This is a story about how my journey and evolution as a parent and how I went from sneaking my child into kindergarten a year early to skipping grade 1 entirely in favor of an extra year of kindergarten. Seems crazy right? Well it was probably the best parenting move I ever made.

My son is a January baby. The 5th to be exact. 5 days off the enrollment cut off for public school in my province – 5 days. He is a tall child, certainly physically and mentally mature for his age and was my youngest. In his earliest years I had to frequently remind myself (and the rest of the world) of how little he was because he appeared a full year (or even two) older than he actually was.

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How My Daughter Learned to Read

My daughter is 10 this year and in grade 5. I can hardly believe how time has flown by and how far we have come. From very early on she was identified as needing “extra support” in the reading department. Our school had excellent resources and a wonderful reading program where she was given all of the tools, support and resources she needed to build those skills she was lacking. But guess what? None of them worked.

Nothing the school did to support her helped her catch up. She was pulled out of her class twice a week for three years and still just barely kept up to “approach expectations” as prescribed by the Ministry of Educations definition of a normal elementary school child. She struggled, she stressed and she learned that she couldn’t read as well as her peers and thus labelled herself “dumb” and “stupid”.

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Truth About Sight Reading

….and why it fails kids.

What it comes down to is that reading a language like English, Spanish or German as though the words were pictures doesn’t give children all of the tools that are available to them. Japanese and Ancient Hieroglyphs are pictographic languages, Chinese is often thought to be pictographic as well but in actuality evolved into a phonetic one. English is a phonetic language and as such it should be learned that way. Children who learn that “eat” says ‘eat’ are going to have a hard time making the mental leap to “great” says ‘great’ not “greet”. That is if they even do manage to see the word that they know ‘eat’ within ‘great’ & associate the two. However the same child given the correct phonetic tools will be able to sound out new words using already acquired knowledge instead of having to relearn every word that they come across.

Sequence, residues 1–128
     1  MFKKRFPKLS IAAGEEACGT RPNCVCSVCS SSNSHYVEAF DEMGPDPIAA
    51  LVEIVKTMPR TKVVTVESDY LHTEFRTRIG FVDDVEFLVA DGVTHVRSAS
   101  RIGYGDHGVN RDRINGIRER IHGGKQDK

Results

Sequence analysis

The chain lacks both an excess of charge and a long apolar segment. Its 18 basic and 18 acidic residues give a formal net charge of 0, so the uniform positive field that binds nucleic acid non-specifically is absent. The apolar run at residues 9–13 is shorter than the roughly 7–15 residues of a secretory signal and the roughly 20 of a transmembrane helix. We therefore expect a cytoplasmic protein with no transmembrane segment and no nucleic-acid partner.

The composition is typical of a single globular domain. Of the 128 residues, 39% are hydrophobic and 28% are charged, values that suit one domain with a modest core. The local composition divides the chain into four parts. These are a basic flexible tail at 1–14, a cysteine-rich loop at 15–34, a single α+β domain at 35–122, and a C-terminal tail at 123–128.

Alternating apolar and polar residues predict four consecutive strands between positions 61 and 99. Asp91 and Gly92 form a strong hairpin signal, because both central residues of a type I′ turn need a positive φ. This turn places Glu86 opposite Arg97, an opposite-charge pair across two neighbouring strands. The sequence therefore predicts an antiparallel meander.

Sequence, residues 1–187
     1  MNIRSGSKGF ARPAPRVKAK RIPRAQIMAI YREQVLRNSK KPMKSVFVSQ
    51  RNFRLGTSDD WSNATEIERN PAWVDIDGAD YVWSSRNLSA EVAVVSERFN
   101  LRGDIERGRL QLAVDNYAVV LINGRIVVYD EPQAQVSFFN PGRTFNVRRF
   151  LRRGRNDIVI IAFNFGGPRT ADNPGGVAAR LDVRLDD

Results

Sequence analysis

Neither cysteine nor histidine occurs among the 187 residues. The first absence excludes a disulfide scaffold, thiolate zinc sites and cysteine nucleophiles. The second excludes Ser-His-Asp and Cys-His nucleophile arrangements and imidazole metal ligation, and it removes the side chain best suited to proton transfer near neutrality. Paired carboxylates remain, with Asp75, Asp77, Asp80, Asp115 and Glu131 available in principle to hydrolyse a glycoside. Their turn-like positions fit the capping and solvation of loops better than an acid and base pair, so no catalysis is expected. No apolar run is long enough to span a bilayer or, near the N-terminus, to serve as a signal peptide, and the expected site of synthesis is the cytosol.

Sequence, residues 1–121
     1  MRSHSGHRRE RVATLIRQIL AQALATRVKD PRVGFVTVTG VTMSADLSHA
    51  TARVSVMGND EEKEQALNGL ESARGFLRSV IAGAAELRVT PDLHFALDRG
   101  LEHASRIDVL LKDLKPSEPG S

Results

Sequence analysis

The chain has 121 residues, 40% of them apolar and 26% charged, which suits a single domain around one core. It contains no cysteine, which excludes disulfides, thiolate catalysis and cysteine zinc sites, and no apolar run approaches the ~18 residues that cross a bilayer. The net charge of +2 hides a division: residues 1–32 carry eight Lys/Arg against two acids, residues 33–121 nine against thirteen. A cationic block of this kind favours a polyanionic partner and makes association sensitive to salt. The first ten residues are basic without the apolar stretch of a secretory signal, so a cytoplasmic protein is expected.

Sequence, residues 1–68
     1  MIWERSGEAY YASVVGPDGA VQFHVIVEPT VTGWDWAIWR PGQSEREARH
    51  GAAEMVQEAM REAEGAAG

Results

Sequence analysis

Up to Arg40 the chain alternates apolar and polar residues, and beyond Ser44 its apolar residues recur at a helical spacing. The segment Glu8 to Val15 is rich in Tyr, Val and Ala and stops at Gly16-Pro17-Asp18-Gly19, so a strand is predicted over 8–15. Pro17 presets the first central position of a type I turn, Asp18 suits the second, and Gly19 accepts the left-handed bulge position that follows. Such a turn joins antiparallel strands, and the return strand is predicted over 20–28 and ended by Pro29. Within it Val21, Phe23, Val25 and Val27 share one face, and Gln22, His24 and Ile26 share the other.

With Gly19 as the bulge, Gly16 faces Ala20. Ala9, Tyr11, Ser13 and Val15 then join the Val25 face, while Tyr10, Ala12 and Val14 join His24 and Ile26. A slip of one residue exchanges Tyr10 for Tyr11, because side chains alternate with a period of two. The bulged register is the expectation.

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The Magic of Music

You may have already heard your toddlers first attempts at singing her favorite songs. Music is one of those wonderful things that knows no bounds, it can be shared and enjoyed with your child any where, any time and any place. It is at your fingertips, with a clap or a stomp, a hum or whistle; you can hear it with the wind in the trees or in the sounds of the rain on a roof.

Your childs favorite songs can soothe her to sleep or stir up an imaginitive world of discovery. Singing with your child brings a joy and richness to your lives that goes far deeper than just learning the words or enjoying a moment together, it can bring a closeness and love that goes beyond words and into the depths of your soul.

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Handmade Memories

I own a book that is over 40 years old. I do not keep it up high on a shelf or hidden away in a cupboard, it is in my kids toy box and I hope to pass it on to my grandchildren so that it may go in their toy box as well.

It was made by my Nanna, I believe for my mother and it is a felt ABC book. Each page is made of felt & contains a picture and letter made of felt and glued on. The book is bound with yarn, tied in knots at each end. It is not beautiful or exceptionally well done but it is something that I cherish very dearly and my kids love to play with.

Making your own books can be a wonderful experience for you and your children and is something that you can pass down through the generations with pride & joy.